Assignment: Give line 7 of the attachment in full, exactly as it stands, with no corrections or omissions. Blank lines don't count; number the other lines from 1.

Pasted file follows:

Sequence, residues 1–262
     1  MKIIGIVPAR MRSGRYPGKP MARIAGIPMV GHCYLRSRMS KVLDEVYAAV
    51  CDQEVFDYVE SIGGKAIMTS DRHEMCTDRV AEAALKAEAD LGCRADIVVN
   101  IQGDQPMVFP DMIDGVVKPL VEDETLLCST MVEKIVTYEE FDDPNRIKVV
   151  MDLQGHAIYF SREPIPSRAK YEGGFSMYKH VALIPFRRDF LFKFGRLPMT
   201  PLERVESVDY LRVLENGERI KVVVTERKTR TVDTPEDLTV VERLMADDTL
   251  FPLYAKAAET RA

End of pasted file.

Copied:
   251  FPLYAKAAET RA